Nursing students interested in pursuing a career as an ER nurse should look for opportunities to gain clinical experience in an emergency room setting as early as possible. This hands-on experience can improve your chances of obtaining an ER nursing job upon graduation. Even without this experience, it’s important to try to find a job at a hospital or emergency care unit as soon as you earn your license to be a registered nurse.

As an entry-level nurse, you can expect to start at the base pay. According to recent studies, the average annual base pay for entry-level ER nurses is $53,665. Naturally, your salary should increase with experience. For example, mid-level ER nurses earn an average annual salary of $65,580 and higher-level ER nurse earn an average annual salary of $79,000.8

There are, however, several other factors that can impact how much an emergency nurse is paid, such as:

Education

A nurse’s education level can affect salaries, even for an entry-level position. For example, an ER nurse with a BSN (Bachelor of Science in Nursing) degree is likely to earn a higher salary than a nurse with only an ADN (Associate Degree in Nursing) degree. Additionally, nursing who move forward to earn an MSN (Master of Science in Nursing) degree earn even more, on average, than those with a ADN or BSN.

If you currently have an RN license, but only have a nursing school diploma or an ADN, you should consider enrolling in an RN-to-BSN program. This type of program can help you earn your bachelor’s degree in nursing as quickly as possible and increase your salary potential. On the other hand, if you already have a BSN, you might want to consider entering a BSN-to-MSN program to advance your career.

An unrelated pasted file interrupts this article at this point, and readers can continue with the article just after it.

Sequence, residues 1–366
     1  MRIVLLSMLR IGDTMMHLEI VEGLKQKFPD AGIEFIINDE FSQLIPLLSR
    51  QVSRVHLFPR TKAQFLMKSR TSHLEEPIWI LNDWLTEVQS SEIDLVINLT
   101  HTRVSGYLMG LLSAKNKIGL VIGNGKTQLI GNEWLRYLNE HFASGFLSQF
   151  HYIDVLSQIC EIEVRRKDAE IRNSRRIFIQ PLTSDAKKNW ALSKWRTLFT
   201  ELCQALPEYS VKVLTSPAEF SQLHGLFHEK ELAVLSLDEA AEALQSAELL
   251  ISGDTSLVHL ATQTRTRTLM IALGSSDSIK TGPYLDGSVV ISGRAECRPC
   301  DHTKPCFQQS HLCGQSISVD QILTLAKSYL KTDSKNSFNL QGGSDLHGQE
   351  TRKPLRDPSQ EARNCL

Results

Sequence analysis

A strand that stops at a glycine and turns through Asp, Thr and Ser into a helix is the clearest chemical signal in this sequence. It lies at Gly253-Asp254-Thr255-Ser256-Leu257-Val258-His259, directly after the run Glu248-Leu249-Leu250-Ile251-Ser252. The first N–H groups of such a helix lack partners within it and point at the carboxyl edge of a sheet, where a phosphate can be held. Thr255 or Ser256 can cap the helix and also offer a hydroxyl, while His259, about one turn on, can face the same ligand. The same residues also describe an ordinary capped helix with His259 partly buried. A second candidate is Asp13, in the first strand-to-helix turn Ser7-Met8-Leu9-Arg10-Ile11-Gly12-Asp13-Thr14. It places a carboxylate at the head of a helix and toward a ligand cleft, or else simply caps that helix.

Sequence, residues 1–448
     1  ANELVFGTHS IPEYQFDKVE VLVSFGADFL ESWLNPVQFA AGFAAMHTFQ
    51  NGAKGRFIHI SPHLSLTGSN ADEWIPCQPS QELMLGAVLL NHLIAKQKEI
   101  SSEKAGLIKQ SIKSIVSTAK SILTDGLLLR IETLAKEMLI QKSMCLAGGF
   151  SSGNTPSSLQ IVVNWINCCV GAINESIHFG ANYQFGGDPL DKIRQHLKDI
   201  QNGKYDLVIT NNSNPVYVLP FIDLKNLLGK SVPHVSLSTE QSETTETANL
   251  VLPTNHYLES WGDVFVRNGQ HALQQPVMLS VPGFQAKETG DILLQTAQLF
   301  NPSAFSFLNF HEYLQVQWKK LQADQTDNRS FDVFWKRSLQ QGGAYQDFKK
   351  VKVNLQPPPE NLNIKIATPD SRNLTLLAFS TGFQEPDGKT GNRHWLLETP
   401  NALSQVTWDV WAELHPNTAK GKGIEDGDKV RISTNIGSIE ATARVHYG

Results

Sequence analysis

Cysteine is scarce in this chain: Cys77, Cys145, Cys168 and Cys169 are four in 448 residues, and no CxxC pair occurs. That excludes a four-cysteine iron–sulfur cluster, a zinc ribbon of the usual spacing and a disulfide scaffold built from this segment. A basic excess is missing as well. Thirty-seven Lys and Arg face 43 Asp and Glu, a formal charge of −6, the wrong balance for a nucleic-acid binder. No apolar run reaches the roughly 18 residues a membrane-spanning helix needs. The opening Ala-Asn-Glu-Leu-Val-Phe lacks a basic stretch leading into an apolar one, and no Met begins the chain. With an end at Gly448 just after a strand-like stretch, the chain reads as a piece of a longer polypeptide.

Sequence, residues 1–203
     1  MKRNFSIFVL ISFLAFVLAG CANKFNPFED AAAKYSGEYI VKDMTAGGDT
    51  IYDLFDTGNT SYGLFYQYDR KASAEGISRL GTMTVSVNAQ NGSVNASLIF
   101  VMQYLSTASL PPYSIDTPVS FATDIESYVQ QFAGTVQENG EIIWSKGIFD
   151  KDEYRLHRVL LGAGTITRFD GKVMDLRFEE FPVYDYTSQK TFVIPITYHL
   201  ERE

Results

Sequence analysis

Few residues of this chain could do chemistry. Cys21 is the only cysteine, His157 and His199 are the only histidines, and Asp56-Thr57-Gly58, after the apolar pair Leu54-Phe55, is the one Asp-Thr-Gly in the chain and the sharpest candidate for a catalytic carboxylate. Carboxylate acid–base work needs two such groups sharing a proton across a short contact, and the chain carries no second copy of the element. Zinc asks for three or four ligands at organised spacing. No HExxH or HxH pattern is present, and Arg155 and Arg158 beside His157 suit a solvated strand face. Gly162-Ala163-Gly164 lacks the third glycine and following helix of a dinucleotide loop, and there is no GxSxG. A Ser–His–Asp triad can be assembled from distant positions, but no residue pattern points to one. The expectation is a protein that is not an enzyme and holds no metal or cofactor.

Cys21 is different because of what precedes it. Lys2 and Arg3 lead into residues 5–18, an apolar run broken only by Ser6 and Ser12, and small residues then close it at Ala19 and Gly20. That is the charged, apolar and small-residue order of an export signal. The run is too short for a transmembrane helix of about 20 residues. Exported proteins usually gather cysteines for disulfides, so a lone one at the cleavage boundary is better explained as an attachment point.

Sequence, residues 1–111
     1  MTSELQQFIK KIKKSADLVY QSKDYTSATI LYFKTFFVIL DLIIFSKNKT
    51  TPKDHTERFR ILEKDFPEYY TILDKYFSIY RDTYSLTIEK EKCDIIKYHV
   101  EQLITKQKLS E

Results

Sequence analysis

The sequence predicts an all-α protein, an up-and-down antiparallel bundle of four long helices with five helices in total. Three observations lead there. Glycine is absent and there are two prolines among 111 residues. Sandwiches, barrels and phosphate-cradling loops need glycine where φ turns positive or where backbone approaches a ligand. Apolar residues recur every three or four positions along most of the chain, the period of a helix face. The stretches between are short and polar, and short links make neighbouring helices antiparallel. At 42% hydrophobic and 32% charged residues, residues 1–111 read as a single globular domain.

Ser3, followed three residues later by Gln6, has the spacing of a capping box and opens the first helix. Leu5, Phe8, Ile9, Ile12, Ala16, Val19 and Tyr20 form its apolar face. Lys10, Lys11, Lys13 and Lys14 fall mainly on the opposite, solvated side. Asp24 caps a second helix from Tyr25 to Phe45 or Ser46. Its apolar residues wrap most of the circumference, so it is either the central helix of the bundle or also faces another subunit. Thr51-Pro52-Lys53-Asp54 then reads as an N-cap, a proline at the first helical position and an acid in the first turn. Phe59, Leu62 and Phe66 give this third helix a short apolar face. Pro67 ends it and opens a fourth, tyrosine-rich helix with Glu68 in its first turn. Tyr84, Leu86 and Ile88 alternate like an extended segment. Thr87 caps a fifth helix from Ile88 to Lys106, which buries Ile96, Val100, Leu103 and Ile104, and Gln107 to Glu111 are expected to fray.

There are many online nursing programs that offer the flexibility to complete a portion of the coursework from the comfort of your own home and at a time that is most convenient for you. It’s important to realize that most of these online programs still require in-person lab and clinical work to be completed. Some universities and colleges, however, allow nursing students to complete this required work at an approved local hospital or medical facility. It recommended to obtain some clinical work in an emergency room setting if possible.

Location

Nursing salaries vary greatly based on location. As mentioned early, the highest paying nursing jobs are typically found in metropolitan areas. Additionally, some states, such as Massachusetts, Hawaii, and Rhode Island offer some of the highest ER nursing wages in the country.

Moving to one of these locations can improve your chances of obtaining a higher-paying salary. Before making this decision, however, you should also consider several related factors, such as the cost of living in the area, commuter expenses, and the cost of moving. You may find that the higher salary doesn’t compensate for the costs associated with moving.